CHANDIGARH: The six-member all women Navy team, which successfully circumnavigated the globe in a 55-foot sailboat of the Indian Naval Sailing Vessel (INSV) Tarini, in more than eight months, is now eyeing a new frontier to conquer.
Doughty and free-spirited, the team is all set to take part in the Cape to Rio race, 2020.
The race is organised by the Royal Cape Yacht Club. The Cape to Rio race covers the South Atlantic Ocean, between Cape Town and Rio de Janeiro, linking two of the world's most beautiful seaports. The first edition of the race dates back to 1971, with many legends of international yachting having competed in the event.
Speaking to this newspaper, Lieutenant Commander Vartika Joshi, who steered the Navy vessel, and Lieutenant B Aishwarya, a team member, who were in the city to attend the Military Literature Festival 2018, said that their team, along with around 12 to 15 under-trainees, both men and women, will take part in the Cape to Rio race, 2020. The objective is to encourage youngsters to take up adventure sports, in addition to serving the Navy, they said.
"Our feat went some way towards changing the mindset about women. This is encouraging and will drive us to similar feats going forward," Aishwarya said.
They said they are also planning to participate in a clipper race, which starts from Liverpool in the United Kingdom.
Held biennially, the Clipper is a round-the-world Yacht race. The 40,000 nautical mile course is divided into thirteen individual races, with the team having the best cumulative score winning the Clipper Race Trophy. The race starts and concludes in Liverpool. Each team is led by a professional skipper with an all-amateur crew that signs up for one, some or all the races.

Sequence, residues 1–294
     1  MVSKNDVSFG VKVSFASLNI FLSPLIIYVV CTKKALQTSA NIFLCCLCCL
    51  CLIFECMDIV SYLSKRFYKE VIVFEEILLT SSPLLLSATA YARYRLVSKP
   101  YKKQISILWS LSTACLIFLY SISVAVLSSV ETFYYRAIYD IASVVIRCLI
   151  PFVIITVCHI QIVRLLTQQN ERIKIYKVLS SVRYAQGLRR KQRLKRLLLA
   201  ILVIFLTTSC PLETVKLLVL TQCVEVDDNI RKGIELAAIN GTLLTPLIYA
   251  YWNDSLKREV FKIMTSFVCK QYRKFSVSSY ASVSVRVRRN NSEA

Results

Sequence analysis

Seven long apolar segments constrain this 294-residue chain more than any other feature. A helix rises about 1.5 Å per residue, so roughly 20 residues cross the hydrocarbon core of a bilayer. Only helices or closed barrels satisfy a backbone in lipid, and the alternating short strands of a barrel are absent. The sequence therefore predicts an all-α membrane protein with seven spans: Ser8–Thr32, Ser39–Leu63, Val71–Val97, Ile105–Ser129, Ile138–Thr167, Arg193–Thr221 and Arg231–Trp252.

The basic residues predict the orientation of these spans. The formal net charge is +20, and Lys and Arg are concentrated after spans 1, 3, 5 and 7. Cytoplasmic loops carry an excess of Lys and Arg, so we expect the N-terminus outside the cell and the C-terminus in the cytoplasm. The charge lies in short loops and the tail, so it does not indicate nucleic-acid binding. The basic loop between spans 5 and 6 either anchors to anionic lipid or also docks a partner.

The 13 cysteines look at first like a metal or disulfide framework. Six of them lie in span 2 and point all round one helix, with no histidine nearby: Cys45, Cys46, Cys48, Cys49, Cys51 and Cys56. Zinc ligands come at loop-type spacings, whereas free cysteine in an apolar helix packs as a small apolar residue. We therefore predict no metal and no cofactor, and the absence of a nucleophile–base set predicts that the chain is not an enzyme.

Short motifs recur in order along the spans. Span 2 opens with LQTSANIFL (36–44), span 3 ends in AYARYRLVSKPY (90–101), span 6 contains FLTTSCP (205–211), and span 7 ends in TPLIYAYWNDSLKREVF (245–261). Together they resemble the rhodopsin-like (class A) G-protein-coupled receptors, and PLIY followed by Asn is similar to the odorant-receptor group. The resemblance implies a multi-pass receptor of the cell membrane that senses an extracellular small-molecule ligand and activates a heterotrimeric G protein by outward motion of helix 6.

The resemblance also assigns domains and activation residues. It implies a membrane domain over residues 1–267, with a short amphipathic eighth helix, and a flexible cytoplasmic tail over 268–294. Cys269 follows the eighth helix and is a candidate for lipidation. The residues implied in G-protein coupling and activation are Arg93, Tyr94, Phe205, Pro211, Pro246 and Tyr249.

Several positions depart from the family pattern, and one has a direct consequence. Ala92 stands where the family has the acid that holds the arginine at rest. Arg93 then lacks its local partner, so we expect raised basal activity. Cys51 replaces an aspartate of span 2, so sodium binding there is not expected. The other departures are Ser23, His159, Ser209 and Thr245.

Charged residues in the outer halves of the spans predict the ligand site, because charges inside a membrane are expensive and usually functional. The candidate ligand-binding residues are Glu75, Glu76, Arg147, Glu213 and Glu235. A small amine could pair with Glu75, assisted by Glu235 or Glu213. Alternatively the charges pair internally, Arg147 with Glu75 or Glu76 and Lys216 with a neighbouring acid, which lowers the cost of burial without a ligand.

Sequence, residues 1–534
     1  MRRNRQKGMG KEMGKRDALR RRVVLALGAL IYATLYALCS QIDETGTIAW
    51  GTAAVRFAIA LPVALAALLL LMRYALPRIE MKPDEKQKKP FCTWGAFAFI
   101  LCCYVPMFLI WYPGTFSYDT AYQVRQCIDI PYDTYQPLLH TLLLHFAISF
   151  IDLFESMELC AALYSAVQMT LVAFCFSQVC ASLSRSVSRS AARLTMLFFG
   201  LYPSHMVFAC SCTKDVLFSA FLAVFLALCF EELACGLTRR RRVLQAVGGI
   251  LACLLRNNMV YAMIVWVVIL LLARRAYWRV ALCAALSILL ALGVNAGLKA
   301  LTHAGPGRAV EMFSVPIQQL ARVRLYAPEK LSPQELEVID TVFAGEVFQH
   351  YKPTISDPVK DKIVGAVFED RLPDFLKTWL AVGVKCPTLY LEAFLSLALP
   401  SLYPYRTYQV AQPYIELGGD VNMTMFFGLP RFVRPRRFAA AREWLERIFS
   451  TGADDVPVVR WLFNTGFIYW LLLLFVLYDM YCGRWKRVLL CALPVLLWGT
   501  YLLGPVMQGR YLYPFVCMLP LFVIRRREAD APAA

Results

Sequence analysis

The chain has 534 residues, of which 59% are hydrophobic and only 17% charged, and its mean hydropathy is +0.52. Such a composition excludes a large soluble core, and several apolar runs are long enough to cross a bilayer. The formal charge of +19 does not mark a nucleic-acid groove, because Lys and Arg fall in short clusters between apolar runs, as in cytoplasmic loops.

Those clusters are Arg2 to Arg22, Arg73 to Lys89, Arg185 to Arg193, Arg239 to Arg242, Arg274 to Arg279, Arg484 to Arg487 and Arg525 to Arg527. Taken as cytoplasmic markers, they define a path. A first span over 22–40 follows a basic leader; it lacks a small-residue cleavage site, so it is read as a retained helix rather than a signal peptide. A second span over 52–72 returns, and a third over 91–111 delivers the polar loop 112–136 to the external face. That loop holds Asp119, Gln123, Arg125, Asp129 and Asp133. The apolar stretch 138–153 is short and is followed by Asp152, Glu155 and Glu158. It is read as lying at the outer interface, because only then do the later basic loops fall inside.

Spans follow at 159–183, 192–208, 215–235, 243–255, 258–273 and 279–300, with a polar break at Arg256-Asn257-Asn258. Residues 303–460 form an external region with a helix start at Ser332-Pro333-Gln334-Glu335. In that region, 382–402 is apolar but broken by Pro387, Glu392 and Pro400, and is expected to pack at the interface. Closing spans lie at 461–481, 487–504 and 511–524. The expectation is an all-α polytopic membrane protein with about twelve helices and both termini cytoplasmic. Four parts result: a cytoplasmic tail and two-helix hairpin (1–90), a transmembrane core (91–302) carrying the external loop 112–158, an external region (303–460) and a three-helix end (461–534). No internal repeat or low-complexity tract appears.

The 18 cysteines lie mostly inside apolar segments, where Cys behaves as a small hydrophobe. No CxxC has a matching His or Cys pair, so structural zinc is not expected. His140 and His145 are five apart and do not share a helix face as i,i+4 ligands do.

Two members of the seven-member all women Army team, which had climbed the world's highest peak, Mount Everest, in 2102, were also in the city on Friday to attend the Military Literature Festival and motivate youngsters to not just join the defence forces but also take up adventure sports.
Major Namrita Rathore, who led the seven-member team, said, "I told the doctor, who was accompanying our team, that as we climb to the summit, I will text him. He will then call up my family members to inform that their daughter had conquered the world's highest peak. It took a while for the feeling to sink in. When he called my family to convey the message, it was five in the morning. They had prayed the whole night and woke up to the news that we had summited the Everest," she recalled.
Major Rathore and Major Poonam Sangwan, a member of the team, said that the team had trained in Siachen and Manali for a year, in three inches of snow.
"We did not have any mountaineering experience and here were here, training to summit Mount Everest," Major Sangwan said.
"We had the full family support and after we came back and when we were introduced to anyone that they have climbed Mount Everest they use to ask us have you really climbed and we use to tell them yes we were on top of the summit, as people never believed that women could achieve this feet,'' say both the lady officers dressed in their combat uniform and add that their entire journey had its moments of drama, disappointments, risk and adventure.
Both these lady officers were vegetarians, Poonam says as he was vegetarian it was tough for her as her energy levels dropped,"so the team leader bought use energy bars from a European team and gave them to me and made sure that I eat them and also I eat Gur-Channa given by a JCO,'' she adds. While Rathore says," from a vegetarian I turned into a non-vegetarian, I like eating chicken.''
Both add that in the future if they get any other opportunity to climb any summit they will be glad to do it.